The good news isn’t ten commandments or five pillars. It isn’t a threefold movement, manifold idolatry, or twofold fatalism. There is good news- it’s not that there isn’t- but there’s only one gospel, because there’s only one God who is good news for all mankind. There is good news for our lost and dying world. God sent the Lord Jesus to find us and give us life. The Holy Spirit empowered Him to live, die and rise again so that we might be reconciled to God and to be adopted by Him, to know Him as our heavenly Father.

So as long as you can say that Jesus is Lord, and know the heartfelt truth that God raised him from the dead, you’ll be saved. This is Really Good News! Hallelujah, Praise The Lord!

The Irresponsibility of Man…

The Irresponsibility of Man and the Absolution of Postmodernity: Clothing the Emperor.

If I was to write a philosophical paper: this would be the title!

I’ve just got a first draft of an abstract here:

From the time that Adam blamed Eve for giving him the forbidden fruit, mankind has been irresponsible. The Bible is littered with countless other examples, including PIlate’s infamous attempt to absolve himself of Jesus’ blood by washing his hands. Jesus himself warned of a day when anyone who kills his followers think they’re doing a service to God.

So if God’s True Word is full of cases of man’s irresponsibility, surely that absolves us of accountability? Not so, from the very outset, man is called to answer for himself: from the Garden of Eden to the City of Jerusalem. Man’s sin in the garden lead to his death; man’s sin in the city lead to His death, Jesus Christ, the sinless Son of God, taking our punishment upon Himself, that all who trust in Him might be clothed in His righteousness. The alternative is the filthy rags of our own self righteousness; the figleaves of our own attempt to cover up our sin.

Postmodernity- the spirit of the age- says that we can’t be held responsible for our actions, therefore we are absolved. We can face God on our own terms, or deny him altogether. The reality is that we must wake up to the fact that we must accept responsibility for ourselves and look to Christ’s sacrifice to cover us, otherwise we’re laid bare before the judge of all the earth. Until we humble ourselves and admit our sins- our pride and wrongdoing- we will not know the forgiveness of the Lord.

So don’t let the devil’s delusion inibriate you to the reality of sin and judgment to come: repent and trust the Lord for salvation, because he’s merciful to all who cry out to Him.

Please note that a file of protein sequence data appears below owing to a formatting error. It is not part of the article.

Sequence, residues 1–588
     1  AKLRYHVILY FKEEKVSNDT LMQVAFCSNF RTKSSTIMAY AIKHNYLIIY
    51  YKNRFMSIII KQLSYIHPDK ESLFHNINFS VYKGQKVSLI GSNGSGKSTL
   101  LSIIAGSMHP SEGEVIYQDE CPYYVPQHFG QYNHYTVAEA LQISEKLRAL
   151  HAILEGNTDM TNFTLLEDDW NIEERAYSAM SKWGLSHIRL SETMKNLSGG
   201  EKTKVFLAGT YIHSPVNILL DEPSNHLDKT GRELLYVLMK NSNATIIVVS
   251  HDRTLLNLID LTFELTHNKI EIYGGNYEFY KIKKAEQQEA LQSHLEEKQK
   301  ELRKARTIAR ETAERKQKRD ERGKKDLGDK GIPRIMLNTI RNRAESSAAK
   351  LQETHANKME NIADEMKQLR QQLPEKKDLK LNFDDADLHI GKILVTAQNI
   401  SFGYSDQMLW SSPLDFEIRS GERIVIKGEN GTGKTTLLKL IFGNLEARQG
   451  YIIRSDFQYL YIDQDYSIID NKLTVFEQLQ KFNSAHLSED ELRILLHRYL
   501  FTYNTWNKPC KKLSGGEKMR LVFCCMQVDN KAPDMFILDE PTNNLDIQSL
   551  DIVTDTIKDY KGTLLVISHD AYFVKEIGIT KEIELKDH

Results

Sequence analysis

Psalm 97:10

“O you who love the Lord, hate evil! He preserves the lives of his saints; he delivers them from the hand of the wicked.”

Psalm 97:10

Call me a Jeremiad, but I’ve been thinking of the life of the prophet Jeremiah a lot recently. This verse, which happens to be’s verse for the day, summarises his life really well. He was known as the weeping prophet, and was certainly on what we would today call the manic depressive spectrum. When God initially called him to be a prophet to the nations, he protested that he was too young. When it turned out he would spend most of his life in his own nation of Judah, he moaned how much he wished he had a quiet place to get away to. He was forbidden to marry, or even attend marriages.

One of his more manic episodes was breaking a false prophet’s wooden yoke and replacing it with an iron one: illustrating the fact that life was going to be a lot harder for the Jews than they had hoped. He was constantly calling the people to trust in the Lord and not in political alliances with Egypt and Babylon (the superpowers of the day). He was pretty eccentric and unpredictable. Understandably, as God’s people suffered, and Jeremiah declared that it was the Lord’s doing, he was very unpopular with them, and often complained to God of the hard life he had to endure.

But through his life, we see very clearly the providential hand of God in the perseverance of his saints. He and his trusty scribe Baruch spent many years calling the people back to the Lord their God, with very little evident fruit. But as Jeremiah’s life was pruned in adversity, so his evergreen witness to the faithfulness of God flourished in the face of war, disease, famine and death.
May God continue to preserve the lives of his chosen people, and deliver them from the hand of the wicked, into the glory of his presence, to the praise of his great name, Amen